Award-winning radio journalist takes to the stage as Sister Jean
You're a playwright, a journalist, an actress, a seamstress--what else? Do you have other hidden talents you haven't told us about?
Let's see… I'm also a dancer of sorts. I take ballet twice a week – one of those days on pointe and I even have a ballet recital in June. I also do English country dance – the formalized moves they do in all the Jane Austen movies. You never know when they're going to ask me to dance with Colin Firth in some upcoming film. I am also working on my second novel for middle school readers--a mystery set on Capitol Hill. And I am reviving as a podcast something I used to do back when I had a radio show. It's a book club for middle school students--BookClubforKids.org.
Which of these pursuits do you find the most rewarding? And which were the most frustrating?
They all have their share of joy and frustration. Back when I was freelancing, when my plays were rejected, I used to say that I was really a journalist. And when somebody gave me a hard time as a reporter, I would say that's all right because I'm really a playwright.
You had been a long-time host of “Talk of the City” in Pasadena. Tell me about that gig. Who was the strangest guest you had on the show?
I'll tell you who the hardest interview was: Terry Gross! She who asks great questions gave one word answers. The weirdest situation was when I went to a fancy pants hotel to interview Jeremy Irons. I was wearing this fabulous 60s inspired coat dress that I had made. And the first thing that Jeremy Irons said to me was “Wouldn't you like to take your coat off?”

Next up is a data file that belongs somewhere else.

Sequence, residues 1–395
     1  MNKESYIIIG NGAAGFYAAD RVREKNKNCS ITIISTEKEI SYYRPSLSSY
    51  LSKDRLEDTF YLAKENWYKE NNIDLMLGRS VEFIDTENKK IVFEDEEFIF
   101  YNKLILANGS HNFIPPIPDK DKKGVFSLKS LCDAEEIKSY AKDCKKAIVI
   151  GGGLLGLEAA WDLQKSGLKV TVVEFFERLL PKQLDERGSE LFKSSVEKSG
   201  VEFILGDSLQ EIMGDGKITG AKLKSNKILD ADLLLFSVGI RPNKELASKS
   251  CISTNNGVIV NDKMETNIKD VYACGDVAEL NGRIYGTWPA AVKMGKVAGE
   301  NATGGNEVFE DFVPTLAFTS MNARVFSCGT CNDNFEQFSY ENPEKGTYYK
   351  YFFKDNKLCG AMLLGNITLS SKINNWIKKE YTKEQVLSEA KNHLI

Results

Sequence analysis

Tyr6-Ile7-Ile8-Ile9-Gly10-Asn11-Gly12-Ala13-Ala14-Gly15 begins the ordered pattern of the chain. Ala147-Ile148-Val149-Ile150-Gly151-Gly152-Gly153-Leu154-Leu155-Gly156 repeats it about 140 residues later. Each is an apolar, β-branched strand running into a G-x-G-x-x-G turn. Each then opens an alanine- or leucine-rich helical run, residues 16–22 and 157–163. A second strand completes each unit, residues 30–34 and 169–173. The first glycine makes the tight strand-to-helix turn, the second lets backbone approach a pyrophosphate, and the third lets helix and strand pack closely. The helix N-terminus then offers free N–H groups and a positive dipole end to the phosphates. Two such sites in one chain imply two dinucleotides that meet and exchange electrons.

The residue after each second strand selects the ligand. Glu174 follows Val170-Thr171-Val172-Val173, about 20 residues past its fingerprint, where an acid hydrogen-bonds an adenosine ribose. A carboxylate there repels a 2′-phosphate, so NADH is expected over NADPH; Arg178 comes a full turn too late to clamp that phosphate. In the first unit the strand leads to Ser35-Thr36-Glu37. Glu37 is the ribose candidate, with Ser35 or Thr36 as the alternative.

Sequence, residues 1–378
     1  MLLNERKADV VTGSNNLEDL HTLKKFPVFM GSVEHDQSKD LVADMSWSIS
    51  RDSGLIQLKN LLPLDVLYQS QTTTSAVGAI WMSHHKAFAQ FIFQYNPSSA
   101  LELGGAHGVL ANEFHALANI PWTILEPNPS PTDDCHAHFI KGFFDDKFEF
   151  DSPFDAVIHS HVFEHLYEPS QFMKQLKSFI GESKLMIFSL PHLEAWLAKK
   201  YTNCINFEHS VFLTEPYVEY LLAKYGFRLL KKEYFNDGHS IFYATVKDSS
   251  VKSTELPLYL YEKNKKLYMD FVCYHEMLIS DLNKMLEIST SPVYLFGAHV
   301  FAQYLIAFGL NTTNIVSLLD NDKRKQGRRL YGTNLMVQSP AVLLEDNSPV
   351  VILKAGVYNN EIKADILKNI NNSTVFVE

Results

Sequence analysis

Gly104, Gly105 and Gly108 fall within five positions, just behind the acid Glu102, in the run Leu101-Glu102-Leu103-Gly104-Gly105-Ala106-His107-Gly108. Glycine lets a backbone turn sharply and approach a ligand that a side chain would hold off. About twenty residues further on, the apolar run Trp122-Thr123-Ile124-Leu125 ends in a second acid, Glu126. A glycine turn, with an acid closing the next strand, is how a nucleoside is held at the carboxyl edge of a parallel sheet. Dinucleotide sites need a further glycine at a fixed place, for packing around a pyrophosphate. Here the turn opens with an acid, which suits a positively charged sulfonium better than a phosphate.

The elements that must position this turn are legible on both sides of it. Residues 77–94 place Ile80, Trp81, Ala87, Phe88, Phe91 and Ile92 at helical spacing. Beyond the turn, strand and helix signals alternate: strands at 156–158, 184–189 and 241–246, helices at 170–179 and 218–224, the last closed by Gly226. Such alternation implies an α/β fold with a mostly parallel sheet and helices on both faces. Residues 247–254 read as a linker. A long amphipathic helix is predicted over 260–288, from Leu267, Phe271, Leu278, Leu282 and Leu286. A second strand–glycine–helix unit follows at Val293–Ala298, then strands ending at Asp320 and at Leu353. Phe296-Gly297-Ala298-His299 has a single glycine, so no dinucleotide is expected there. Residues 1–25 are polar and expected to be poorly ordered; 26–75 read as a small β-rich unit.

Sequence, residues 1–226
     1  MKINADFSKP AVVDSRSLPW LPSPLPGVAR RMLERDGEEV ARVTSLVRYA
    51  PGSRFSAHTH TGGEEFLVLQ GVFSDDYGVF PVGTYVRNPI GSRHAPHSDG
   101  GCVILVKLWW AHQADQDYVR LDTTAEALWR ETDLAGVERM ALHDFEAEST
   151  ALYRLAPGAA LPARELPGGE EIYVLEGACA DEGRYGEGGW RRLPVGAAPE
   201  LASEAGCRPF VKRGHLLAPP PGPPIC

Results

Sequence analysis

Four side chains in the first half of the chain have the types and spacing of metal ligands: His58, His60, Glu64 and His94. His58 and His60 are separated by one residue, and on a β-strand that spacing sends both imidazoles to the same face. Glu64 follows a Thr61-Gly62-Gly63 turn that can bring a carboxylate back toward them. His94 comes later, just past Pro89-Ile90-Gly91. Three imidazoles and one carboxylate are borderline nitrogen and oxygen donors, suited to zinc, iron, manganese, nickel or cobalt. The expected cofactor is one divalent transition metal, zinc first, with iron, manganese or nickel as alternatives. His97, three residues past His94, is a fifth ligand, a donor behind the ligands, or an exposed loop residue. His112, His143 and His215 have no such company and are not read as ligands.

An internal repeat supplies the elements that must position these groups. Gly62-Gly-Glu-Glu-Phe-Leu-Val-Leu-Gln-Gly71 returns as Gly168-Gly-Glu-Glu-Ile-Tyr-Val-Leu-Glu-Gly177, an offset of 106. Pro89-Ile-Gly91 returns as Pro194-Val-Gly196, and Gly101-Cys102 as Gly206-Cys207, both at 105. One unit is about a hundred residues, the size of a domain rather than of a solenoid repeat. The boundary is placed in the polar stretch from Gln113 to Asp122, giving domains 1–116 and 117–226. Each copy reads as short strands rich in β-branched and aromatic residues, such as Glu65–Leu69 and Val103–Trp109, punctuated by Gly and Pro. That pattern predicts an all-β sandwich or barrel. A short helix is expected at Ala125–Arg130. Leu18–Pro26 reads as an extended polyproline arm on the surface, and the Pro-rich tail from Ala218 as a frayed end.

Seriously? Jeremy Irons wanted you to strip?
I wish I could say yes, but I think it was a misunderstanding about fashion - the nature of a coat dress. He thought it was just a coat.
How exactly does one progress from a featured role on 'General Hospital' to a public radio talk show host?
Blame the Dodgers.
I got enough work as an actress in my 20s and early 30s, but then the roles started drying up. The local radio station that had the Dodgers also had a sports talk show where 99% of the listeners were guys. They wanted to attract female listeners so some bright young things decided the way to do that was to find a female voice for the sports talk show. They had a contest to find a female sports talk host. Guys complained that it was discrimination, so they opened it up to boys as well. 2000 people applied – including me. I didn't win, but I was one of the 10 finalists. And I thought – if I knew what I was doing, I bet I could get work in radio. I took a sportscasting class at the local community college and started volunteering, doing sports stories, for my local public radio station. That led to a reporting job which led to covering court cases which led to covering the international criminal tribunals for the former Yugoslavia and Rwanda, which led to an invitation to host an afternoon talk show in Pasadena.
After the talk show, I was looking for something challenging to do at the station as a reporter. We had to come to Washington to do a week of remote shows and I fell in love with the city. I convinced the station to open its own Washington bureau. That was six years ago.
How did covering Capitol Hill compare to your previous lives?
I always describe Capitol Hill as Catholic school for grown-ups. In other words, there's a dress code of sorts – ugly flat shoes and dull colored grown-up clothes. There are tons of rules that you find yourself breaking every other day because nobody ever told you that it was forbidden to bring a purse to the Speakers Lobby. And you address all the lawmakers as Sir or Ma'am.